In 2012, I attended the Clarion Science Fiction Fantasy Writers Workshop.
It changed my life. It made me the writer I am today.
And when I left, I fell into a crippling depression that lasted months.
Because they were the six most magical weeks of my life. I had the chance to study with six of the best writers in the science fiction and fantasy genre – Jeffrey Ford, Delia Sherman, Ted Chiang, Walter Jon Williams, Cassandra Clare and Holly Black – to say nothing of my seventeen incredible classmates, with whom I was bonded for life into a super-brood of awesome writerly power and support.
After that, even the happiest of home-and-work lives feels a little smaller. But – on top of all the awesome craft I learned there – my experience at Clarion made me that much more motivated to find a way into the awesome SFF community I’d had a small taste of at the workshop.
So now, I’m completely verklempt to share that I’ll be part of the 2020 faculty at Clarion UCSD. Alongside some of the most magnificent writers in the game! Geoffrey Ryman, Larissa Lai, Anjali Sachdeva, Christopher Rowe and Gwenda Bond!
Seriously, this has been a dream of mine ever since I graduated, and I am over the moon to be able to support an awesome cadre of 18 great writers who are figuring out how to tell the stories that will change the world.
If you’re a writer of science fiction or fantasy or horror, and you’ve been looking to take your craft to the next level, Clarion is one way to do it, and I hope you’ll consider applying when applications open in December!!
The latest issue of Clarkesworld contains my new short story, “Shattered Sidewalks of the Human Heart.” It’s a sort of spiritual predecessor to my story “Things With Beards” – another attempt to queer classic monster movies.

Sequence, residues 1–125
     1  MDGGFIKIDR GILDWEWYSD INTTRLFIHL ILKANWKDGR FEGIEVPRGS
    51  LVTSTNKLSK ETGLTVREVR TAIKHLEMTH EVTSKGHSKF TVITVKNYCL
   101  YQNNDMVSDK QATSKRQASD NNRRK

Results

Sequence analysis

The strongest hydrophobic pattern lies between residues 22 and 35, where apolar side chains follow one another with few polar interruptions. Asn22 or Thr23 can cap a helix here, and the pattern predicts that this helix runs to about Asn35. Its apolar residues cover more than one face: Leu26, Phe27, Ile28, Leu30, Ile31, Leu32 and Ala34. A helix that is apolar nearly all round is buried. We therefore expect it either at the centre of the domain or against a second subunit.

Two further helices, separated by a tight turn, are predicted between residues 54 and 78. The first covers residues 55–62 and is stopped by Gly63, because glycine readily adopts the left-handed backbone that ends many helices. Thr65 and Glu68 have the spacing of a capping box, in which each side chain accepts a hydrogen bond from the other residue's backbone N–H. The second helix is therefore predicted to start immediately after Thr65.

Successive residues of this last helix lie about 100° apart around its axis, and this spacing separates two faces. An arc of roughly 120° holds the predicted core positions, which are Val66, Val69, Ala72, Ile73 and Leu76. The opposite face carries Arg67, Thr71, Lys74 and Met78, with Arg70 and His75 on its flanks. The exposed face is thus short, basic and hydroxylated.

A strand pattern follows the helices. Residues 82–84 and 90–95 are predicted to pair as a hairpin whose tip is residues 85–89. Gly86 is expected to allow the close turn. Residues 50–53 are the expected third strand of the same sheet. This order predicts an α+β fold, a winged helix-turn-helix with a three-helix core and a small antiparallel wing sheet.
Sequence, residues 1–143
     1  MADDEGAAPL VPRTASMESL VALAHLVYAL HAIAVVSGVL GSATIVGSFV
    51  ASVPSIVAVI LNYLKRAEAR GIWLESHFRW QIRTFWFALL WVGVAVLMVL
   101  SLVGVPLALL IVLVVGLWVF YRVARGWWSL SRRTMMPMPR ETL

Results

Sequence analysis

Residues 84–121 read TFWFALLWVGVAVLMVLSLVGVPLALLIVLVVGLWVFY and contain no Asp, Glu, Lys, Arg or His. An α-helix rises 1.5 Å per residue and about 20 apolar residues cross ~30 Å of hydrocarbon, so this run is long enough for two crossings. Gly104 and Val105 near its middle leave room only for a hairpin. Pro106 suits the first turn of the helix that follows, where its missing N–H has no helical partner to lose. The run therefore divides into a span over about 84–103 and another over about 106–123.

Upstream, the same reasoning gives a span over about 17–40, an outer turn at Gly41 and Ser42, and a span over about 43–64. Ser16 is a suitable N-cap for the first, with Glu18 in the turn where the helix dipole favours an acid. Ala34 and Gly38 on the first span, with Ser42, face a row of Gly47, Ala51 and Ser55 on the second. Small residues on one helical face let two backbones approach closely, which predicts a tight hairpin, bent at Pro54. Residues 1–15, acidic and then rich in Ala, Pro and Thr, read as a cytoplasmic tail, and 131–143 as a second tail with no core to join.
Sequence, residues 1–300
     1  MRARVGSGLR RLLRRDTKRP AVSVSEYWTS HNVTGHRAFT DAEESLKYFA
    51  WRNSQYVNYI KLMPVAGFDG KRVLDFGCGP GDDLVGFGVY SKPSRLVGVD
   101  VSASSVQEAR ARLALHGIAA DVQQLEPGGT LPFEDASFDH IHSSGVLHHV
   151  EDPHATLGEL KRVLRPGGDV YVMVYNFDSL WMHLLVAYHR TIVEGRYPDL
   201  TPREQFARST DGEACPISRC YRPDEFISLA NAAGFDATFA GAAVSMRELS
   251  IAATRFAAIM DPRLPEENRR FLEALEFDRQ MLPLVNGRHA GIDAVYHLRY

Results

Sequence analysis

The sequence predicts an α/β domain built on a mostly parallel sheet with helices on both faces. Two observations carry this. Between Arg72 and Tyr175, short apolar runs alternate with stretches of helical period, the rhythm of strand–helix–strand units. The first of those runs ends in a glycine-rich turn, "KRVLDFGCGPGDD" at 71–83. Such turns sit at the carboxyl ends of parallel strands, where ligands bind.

What if King Kong was real? What if we found something that magnificent – and captured it – and exploited it – and destroyed it? How would humanity change, after something like that?
The story takes place on September 1st, 1939, in a New York City forever changed by Kong’s climb and fall in 1933. A closeted gay cab driver happens to pick up Ann Darrow, the woman Kong carried to the top of the Empire State Building, and in their shared mourning might find the seeds of something truly transformative.
“Oh, honey,” she said, one hand reaching forward to touch my shoulder.
She was kind. That much was true. I’d imagined her in the hold of the ship, comforting Kong in his chains and his seasickness. Backstage, calming him down while tiny men flashed cameras in his helpless face. Eighty stories up, pleading with him to pick her back up, trying to tell him that the airplanes wouldn’t shoot him while he was holding her. Angry at him for not understanding her, or for understanding and not wanting to put her at risk.
I’m thrilled by the news that Blackfish City is the recipient of the 2019 John W. Campbell Memorial Award for Best Science Fiction Novel! An incredible honor that has gone to some of my favorite books and authors of the past several decades.
Big big love to the award jury – Gregory Benford, Sheila Finch, Elizabeth Anne Hull, Paul Kincaid, Christopher McKitterick, Pamela Sargent, and Lisa Yaszek – as well as my magnificent fellow finalists: Semiosis by Sue Burke, A Spy in Time by Imraan Coovadia, The Calculating Stars by Mary Robinette Kowal, Time Was by Ian McDonald, Moon of the Crusted Snow by Waubgeshig Rice, Theory of Bastards by Audrey Schulman, Unholy Land by Lavie Tidhar, Space Opera by Catherynne M. Valente, The Freeze-Frame Revolution by Peter Watts, and The Loosening Skin by Aliya Whiteley
Save the date!
At 6PM on Friday, July 12th, at the incredible BOOKS OF WONDER, at 18 West 18th Street in Manhattan (between 5th and 6th Avenues), we’ll be launching my second YA novel DESTROY ALL MONSTERS!!
Can’t make it? The book is available for pre-order now, digitally and in hardcover, from the bookstore of your choice!! The incredible Kass Morgan, New York Times bestselling author of The 100, said of DESTROY ALL MONSTERS: “Sam J. Miller has cemented his status as one of the most visionary fiction writers of his generation. A staggering, stunning novel.”
I’m super honored to be speaking on an incredible panel at one of my favorite places for thought-provoking events and discussions, the Museum of the City of New York!!
When: Wednesday, June 19, 6:30pm – 8:30pm
Price: $20 & up | $15 for Museum Members
Where: Museum of the City of New York / 1220 Fifth Avenue (at 103rd Street) / New York, NY
Here’s what they have to say about it over on the museum’s website: